the schmooze
Marjorie Gottlieb Wolfe
Syosset, New York

The Yiddish word for movie theatre is "der kino"

Larry King wrote, "...the movies provided the most powerful view of the world.  Americans were like Gary Cooper, and Americans were brave, true, strong, and good. Period.  Every Saturday we went to the Benson Theater and had this knowledge reaffirmed.  Because so many of the movies of that era were about the war, and because we wanted to emulate our heroes in whatever way we could, we conducted major battles right there in the Benson."
      (Source:  "I Remember Brooklyn" by Ralph Monti)
The newspaper headline read:  MOVIE MATRONS SILENCED!

As a young girl I was "fardeiget" (worried) that the movie theater matron would turn her flashlight on me.

Growing up in the Bronx, Brooklyn or Queens, we had to deal with the movie matrons-- women who were employed by movie theaters with one common goal:  To make all kids‘ movie experience as terrifying and uncomfortable as possible.

Apparently there were "fir" (4)  qualifications to be a movie matron:

  1.  Must be a minimum of 85 years old
  2.  Must be a minimum of 40 pounds "ibervog" (overweight)
  3.  Must have an instinctive hatred for all people under the age of 12 ("tsvelf")
  4.  Must be able to say "hush" and "quiet" in several languages.  (In Yiddish, it was "shat, shat!")

If you were employed, you were given a stark "vays" (white) uniform, a blinding flashlight and instructions to patrol each and every aisle  of the theater.  Your mission:  find those persons under the age of 12 who were violating one of the many
theater rules:

Do you remember the term "feet on the seat" offenders?  When the light from the matron’s flashlight disappeared, our feet returned to the top of the seat in front of us.

It makes me laugh now when I think about the movie matrons in Rockaway Beach, New York.  They left a long-lasting impression on me.

Gary Cohen wrote, "The matrons were basically a bunch of angry old women who were hired basically to keep the kids in lines, especially at weekend "kiddie matinees...If you tried to sneak into the adult ("dervaksener") section (because you wanted to watch the film in peace), the matrons would shine the flashlight in your face and drag ("shlep") you back among the screaming maniacs in the children’s section..."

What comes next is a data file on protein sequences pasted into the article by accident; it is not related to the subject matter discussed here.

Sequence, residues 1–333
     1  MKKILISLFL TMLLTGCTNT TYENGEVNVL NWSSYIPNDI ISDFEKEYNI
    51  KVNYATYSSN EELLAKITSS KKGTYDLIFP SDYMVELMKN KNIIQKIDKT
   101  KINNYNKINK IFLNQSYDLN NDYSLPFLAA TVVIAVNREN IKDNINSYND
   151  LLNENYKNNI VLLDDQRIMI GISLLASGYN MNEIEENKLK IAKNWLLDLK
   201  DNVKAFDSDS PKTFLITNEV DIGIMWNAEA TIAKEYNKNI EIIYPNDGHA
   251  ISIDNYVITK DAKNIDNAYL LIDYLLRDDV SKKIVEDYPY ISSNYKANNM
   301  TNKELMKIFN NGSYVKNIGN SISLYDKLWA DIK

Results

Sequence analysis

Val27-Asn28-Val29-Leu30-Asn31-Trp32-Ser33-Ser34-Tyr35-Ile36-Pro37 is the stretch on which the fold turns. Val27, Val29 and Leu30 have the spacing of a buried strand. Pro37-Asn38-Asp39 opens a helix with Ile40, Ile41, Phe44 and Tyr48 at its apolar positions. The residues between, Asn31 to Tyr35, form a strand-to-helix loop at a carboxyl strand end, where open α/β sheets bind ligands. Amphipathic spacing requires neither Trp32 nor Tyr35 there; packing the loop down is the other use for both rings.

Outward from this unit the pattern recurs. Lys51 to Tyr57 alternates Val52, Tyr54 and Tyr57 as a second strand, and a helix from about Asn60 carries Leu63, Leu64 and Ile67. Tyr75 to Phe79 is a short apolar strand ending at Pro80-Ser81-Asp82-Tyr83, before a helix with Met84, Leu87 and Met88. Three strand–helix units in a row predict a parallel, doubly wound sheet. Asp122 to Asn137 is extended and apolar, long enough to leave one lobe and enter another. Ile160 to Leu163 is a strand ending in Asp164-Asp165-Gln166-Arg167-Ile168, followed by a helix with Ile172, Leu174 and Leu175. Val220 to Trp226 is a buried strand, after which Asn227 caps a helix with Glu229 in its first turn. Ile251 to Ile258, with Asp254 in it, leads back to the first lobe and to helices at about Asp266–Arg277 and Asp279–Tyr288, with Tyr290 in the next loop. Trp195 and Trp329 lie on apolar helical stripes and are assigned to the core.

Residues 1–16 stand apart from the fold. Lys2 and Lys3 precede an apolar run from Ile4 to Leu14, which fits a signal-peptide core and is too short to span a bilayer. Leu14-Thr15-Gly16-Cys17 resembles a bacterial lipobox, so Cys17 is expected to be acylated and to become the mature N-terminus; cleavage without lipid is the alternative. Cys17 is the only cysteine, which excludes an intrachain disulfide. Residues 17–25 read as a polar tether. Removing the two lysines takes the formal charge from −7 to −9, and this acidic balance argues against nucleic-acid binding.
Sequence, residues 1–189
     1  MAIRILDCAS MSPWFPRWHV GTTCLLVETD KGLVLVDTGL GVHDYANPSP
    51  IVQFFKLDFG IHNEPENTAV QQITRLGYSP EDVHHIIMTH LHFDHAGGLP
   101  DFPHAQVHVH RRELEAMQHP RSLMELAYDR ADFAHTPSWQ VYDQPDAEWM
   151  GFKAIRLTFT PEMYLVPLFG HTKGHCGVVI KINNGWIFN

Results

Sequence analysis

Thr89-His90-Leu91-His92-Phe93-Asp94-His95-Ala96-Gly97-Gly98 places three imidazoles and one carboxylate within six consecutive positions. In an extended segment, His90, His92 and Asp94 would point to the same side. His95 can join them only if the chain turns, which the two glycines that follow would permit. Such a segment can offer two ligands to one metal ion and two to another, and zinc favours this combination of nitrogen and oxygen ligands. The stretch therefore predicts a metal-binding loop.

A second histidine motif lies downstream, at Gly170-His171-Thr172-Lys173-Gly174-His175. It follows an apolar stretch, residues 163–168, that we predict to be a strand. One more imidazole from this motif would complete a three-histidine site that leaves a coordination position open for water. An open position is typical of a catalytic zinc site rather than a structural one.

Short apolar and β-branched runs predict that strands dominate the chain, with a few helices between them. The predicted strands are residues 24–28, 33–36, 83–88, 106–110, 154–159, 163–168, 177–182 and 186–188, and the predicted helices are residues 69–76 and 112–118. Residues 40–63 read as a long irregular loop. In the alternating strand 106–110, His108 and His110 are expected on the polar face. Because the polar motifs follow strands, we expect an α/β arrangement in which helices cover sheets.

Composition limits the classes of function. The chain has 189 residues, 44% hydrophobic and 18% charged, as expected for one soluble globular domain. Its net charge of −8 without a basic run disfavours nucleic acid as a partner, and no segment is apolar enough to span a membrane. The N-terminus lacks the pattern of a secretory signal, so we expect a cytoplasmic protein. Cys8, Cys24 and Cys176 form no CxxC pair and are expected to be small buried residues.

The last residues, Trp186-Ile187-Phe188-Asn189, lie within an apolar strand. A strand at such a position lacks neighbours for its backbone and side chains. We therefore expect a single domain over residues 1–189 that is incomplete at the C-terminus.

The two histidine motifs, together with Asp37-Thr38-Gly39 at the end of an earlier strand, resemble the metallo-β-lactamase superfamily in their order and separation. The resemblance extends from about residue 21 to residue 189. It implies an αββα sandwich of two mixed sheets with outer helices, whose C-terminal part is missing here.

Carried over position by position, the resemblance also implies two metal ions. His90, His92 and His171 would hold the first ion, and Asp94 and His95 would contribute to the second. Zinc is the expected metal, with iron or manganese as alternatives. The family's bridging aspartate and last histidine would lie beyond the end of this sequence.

Jimmybo12 wrote about attending movies in the 1960s Brooklyn:  "In those days, for 75 cents we could go to the movies, and we often did.  For six bits you could sit in the Fortway theatre for six hours between lunch and dinner ("lontsh" and "mitog") watching bad movies and giving grief to the matrons!  They were basically vacation nuns, serving the same purpose--to keep us out of our mothers’ hair during the day so they could go o the A&P and the beauty parlor ("sheynkayt salon") and drink rum and Coke.  If a movie was particularly boring, we’d drop nickels and summon the matrons with their flashlights to come help us find them, or we’d spill popcorn ("kokoshes") or sodas (accidentally) and then put our feet up while we watched her sweep the mess up.  God forbid if the film snapped or clogged the projector and started to bum; pandemonium would ensue as the matrons ran around trying to keep order while we stamped our feet, screamed, and threw Dots ("tsukerl") candy at the screen.

My mother tells me that, these days, the streets are empty of kids during Christmas vacation ("vakatsye")  Apparently they’re all inside on their computers ("kompyuters") or thumbing electronic devices in front of the television set.  They’ll never know the pleasure and community of crowding into an old movie palace and just being lousy rotten ("paskudne") kids for a few hours.  Every kid should experience that, especially during winter ("vinter") break...and the memories would last longer than two weeks."

Judylobo wrote, "I remember we would go to an afternoon double feature at the Nostrand Ave. theater in Brooklyn.  All of the kids were forced to sit in the section marked ‘CHILDREN.‘  It was the left hand aisle of the theater.  The rest of the theater would be totally empty ("pust")...what adult would go to a movie filled with kids?  The matron would march up and down the aisle, similar to Nazi prison guards...throwing popcorn could get you banned from the theater forever ("oyf eybik").  I don’t know how we survived.  It was horrible ("groylik")."

Yes, today, multiscreen cinemas with 3-D and digital technology are replacing mom-and-pop theaters.  When that happens, people have to stop seeing the theater as another business ("gesheft") and see it as a community center.  Years ago, these movie theaters were as beloved as the houses where the moviegoers grew up. Those days are gone.            

MARJORIE GOTTLIEB WOLFE says, if you want to find out what happened to the movie theater where you saw your first film...or had your first date, visit the website ("vebzayt") called


Search for Stories Beginning with the Letter
N O P Q R S T U V W   Y Z
Marjorie Gottlieb Wolfe is the author of
two books:
yiddish for dog and cat loversbook
"Yiddish for Dog & Cat Lovers" and
"Are Yentas, Kibitzers, & Tummlers Weapons of Mass Instruction?  Yiddish
Trivia."  To order a copy, go to her

NU, what are you waiting for?  Order the book!

Yiddish Stuff
Jewish Humor
Schmooze News
More Majorie Wolfe
Jewish Stories
All Things Jewish
Jewish Communities of the World
Site Designed and Maintained by
Haruth Communications